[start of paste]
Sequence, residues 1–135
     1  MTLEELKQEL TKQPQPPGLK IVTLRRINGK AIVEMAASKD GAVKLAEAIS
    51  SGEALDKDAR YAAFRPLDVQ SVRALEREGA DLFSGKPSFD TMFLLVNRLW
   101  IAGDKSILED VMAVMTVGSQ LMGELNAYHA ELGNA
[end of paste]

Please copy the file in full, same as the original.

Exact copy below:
Sequence, residues 1–135
     1  MTLEELKQEL TKQPQPPGLK IVTLRRINGK AIVEMAASKD GAVKLAEAIS
    51  SGEALDKDAR YAAFRPLDVQ SVRALEREGA DLFSGKPSFD TMFLLVNRLW
   101  IAGDKSILED VMAVMTVGSQ LMGELNAYHA ELGNA